August 17, 2023
The Natural Products Association (NPA) has joined the chorus of voices asking for mushroom labeling to be clarified to distinguish products made only from the fruiting bodies from those that include the mycelium.
NPA filed a citizen petition last week with the Food and Drug Administration. It asks that FDA amend the Federal Food, Drug and Cosmetic Act to incorporate mushroom products identity principles laid out in a guidance put out by the American Herbal Products Association (AHPA). Alternatively, NPA requests FDA issue a labeling guidance of its own, and exercise enforcement discretion in the meantime.
When is a mushroom a mushroom?
The issue revolves around the definition of what can be called a “mushroom.” Fungi typically have a threadlike portion of the organism called the mycelium that digests organic material, whether it be wood, humus on the forest floor or in the soil. In commercial operations, this is usually wood pulp or grain or a mixture of the two, while other products are grown in liquid media.
The other portion of the organism is the fruiting body, which is what many consumers might understand when using the term “mushroom.”
Proponents of the fruiting-body-plus-mycelium approach claim that labeling these products with the species name of the fungi in question along with the word “mushrooms” adequately describes what consumers are purchasing.
Companies that use only the fruiting bodies themselves—whether grinding these whole for powders or using them as the basis for extracts—counter that the concentration of bioactive material is far higher in their products.
They maintain products that include mycelium are less potent and should not be compared with their products. However, they contend labeling practices in the market make it difficult for consumers to make that distinction.
The AHPA guidance recommends that when the word “mushroom” is used alone in an ingredient panel, that should mean the fruiting bodies only. Products that contain more of the organism should spell that out. The guidance uses this example: “reishi mushroom composite (mycelium, fruitbody, spores).”
“Mushroom dietary supplements are extremely innovative and as the business grows, require a standard nomenclature,” said Daniel Fabricant, Ph.D., president and CEO of NPA in a statement accompanying the filing of the citizen petition.
“By requesting that the FDA incorporate AHPA’s labeling guidelines or exercise enforcement discretion until the agency publishes its own standard of identity regulation, we aim to protect domestic farmers who continue to be economically harmed by foreign entities damaging the credibility of this evolving market,” he added.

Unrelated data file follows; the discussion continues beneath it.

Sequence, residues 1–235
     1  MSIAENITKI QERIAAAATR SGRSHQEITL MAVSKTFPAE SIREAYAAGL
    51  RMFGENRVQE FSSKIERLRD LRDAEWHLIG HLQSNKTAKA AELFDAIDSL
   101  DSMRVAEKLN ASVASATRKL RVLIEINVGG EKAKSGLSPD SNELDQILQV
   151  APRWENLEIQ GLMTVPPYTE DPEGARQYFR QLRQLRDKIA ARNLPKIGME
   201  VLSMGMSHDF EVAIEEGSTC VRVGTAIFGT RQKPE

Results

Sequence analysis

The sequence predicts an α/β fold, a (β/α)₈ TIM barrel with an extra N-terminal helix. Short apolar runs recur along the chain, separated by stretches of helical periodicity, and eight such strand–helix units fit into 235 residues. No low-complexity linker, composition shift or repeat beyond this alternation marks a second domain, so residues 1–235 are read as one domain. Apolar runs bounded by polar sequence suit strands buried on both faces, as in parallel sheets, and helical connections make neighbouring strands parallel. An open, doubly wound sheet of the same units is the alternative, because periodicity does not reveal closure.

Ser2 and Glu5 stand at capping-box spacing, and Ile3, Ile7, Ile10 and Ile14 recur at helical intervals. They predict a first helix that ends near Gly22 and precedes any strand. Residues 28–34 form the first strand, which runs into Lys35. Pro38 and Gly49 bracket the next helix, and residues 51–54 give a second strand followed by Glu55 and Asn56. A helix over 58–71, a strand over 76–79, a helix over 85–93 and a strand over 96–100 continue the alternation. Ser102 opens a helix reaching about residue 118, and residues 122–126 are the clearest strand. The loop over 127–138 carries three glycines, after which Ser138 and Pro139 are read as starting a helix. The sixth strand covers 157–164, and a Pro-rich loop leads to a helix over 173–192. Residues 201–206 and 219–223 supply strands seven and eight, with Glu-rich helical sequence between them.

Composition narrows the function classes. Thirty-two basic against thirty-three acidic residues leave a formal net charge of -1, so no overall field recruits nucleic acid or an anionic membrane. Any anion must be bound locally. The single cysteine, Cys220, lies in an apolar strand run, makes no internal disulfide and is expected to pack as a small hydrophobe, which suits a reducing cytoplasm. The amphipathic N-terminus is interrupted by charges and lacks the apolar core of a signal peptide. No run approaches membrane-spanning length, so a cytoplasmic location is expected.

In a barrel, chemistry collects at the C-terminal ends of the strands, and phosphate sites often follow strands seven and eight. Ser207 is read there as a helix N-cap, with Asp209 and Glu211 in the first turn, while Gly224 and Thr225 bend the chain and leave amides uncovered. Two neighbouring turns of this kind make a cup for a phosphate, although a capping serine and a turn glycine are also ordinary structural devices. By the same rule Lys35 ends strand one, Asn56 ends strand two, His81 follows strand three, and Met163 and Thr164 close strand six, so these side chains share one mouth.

In an interview with Natural Products Insider, Fabricant said evolving market conditions make the time right to address mushroom labeling questions.
“If you look across the landscape, you see how much more important fungal components are becoming,” he said. “And there has also been the counterfeiting problem on Amazon.”
One company that has advocated for this labeling approach for years is Nammex, which pioneered the production of organic mushrooms in China. Nammex founder Jeff Chilton said he believed that was the way to get high-quality, fruiting-body-only products into the hands of American consumers at a reasonable price.
Bill Chioffi, Nammex’s chief strategy and innovation officer, recently wrote a two-part article for Natural Products Insider that laid out the major issues surrounding mushroom product labeling. (Those articles can be accessed here and here).
Mycelium question already appears in regs
FDA has already weighed in on the mycelium question, via a regulation issued first in 1976 and amended twice since then. The regulation states: “[M]ushroom mycelium has an identity different from mushrooms, and food products in which it is used should be labeled to clearly indicate that they contain mushroom mycelium.”
But Fabricant said supplement labeling questions differ in some respects from straight food products, which the above regulation was originally written to address.
“We want to make sure all the parts of the fungus are defined and represented in the regulation,” he said.
Fabricant admitted that a citizen petition is unlikely to get FDA to move on the issue, especially considering the agency’s impending reorganization of its food programs.
“But with the growth of the category, we need to get the question out there,” he explained. “It helps raise awareness.”
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